Politics Exploit Tragedies

When something so unbearably wrong like the March 16 allegations of rape happens, the whole community is visibly shook and looks back to re evaluate the safety standards or lack thereof, which allowed the incident to occur.

This is a perfectly reasonably response to quite frankly a traumatic and utterly horrendous situation.

In a time like this it may feel like there are no words to justly articulate the horror. Those bitter, lingering questions remain examining, “How could this have been prevented? How exactly did it happen? Is there a possibility that something like this could happen to my child? Am I safe in school?”

Right in the same line of thought is the gnawing question which inevitably pops up:

“Who’s at fault?”

While it may seem easy to instinctively blame the school, because they are responsible for the safety of all student sat school, ultimately the people at fault are those who committed the crime. They are autonomously responsible for their own actions and should be treated as such, according to the law.

It is important that we regard the perpetrators of the crime as individually responsible on their own consciencesa��, because each of them made a string of undeniable wrong decisions, and they are not intrinsically bad people because of their backgrounds, races or immigration statuses, but because of the crimes that they have committed, which as individuals, they must be one hundred percent accountable too.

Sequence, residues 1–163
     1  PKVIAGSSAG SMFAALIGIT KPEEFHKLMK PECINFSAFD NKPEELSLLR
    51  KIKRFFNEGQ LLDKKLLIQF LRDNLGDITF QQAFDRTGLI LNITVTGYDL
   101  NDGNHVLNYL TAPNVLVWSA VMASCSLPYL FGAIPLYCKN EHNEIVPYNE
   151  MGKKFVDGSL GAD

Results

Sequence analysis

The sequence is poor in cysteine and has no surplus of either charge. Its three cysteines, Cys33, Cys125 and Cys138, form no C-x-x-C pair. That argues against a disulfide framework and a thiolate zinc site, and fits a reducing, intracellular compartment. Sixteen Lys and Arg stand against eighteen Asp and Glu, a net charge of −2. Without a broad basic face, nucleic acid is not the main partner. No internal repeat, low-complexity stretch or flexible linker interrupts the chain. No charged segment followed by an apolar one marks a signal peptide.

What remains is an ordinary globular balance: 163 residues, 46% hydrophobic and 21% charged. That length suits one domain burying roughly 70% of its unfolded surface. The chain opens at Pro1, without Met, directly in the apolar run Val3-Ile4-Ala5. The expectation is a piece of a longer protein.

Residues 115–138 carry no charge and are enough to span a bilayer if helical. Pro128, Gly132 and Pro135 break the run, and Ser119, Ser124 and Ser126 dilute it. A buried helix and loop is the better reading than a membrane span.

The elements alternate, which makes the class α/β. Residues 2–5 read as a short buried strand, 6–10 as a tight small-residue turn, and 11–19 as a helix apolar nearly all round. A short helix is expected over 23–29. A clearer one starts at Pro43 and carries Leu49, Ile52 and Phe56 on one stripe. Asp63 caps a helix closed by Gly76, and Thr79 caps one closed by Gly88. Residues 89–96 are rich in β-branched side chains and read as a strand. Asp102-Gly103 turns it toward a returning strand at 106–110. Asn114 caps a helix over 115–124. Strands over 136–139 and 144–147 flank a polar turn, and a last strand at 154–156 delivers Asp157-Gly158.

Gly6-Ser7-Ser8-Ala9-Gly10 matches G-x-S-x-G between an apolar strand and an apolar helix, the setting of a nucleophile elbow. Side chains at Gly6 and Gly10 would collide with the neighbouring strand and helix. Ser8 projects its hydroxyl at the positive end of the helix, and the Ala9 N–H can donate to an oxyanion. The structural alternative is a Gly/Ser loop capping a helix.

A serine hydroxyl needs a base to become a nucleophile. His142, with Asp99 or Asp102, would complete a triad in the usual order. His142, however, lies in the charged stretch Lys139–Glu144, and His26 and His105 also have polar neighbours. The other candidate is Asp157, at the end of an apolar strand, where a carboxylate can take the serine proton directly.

As a matter of school safely, RHS is honestly not so much more unsafe as some Twitter reporters would like to claim that it is. Yes, a horrible thing happened here, but quite frankly horrible things can happen anywhere. While the victim is by no means to blame for the crime committed against her, other students can look to what happened and act in ways educate themselves about rape culture, so that hopefully the risk of something like this occurring can be mitigated in the future.

Going forward, RHS students and staff are just undergoing the process of healing from what has happened, with new regulations and policies. For some students it feels like the new policies really do not make a difference to change much, but it is understandable that the school would feel the need to tighten up their practices. However, those exploiting the situation at hand for their own political agendas is just wrong.

It takes a lot of courage to tell someone that you have been a victim of sexual assault, something that has the ability to scar someone for the rest of their lives, even more so when there are people in society who feel the need to take advantage of the situation. It is simply disgusting that some people think it is OK to just bypass the the victim who had to go through the trauma, to make a statement.

But honestly, if concerned parents want to make the schools and society in general a safer place, then they need to look to stand up against rape culture and teach their children responsible and respectful ways of acting, which can provide for more change than simply unconstructively taking to social media to blame the institutions involved.

If there is one takeaway from this, should be the importance of respect. Victims may be going through any number of emotions and no one should be forcing their morphed idea of what happened on someone who actually lived it. Above all, no means no: learn it, live it, love it.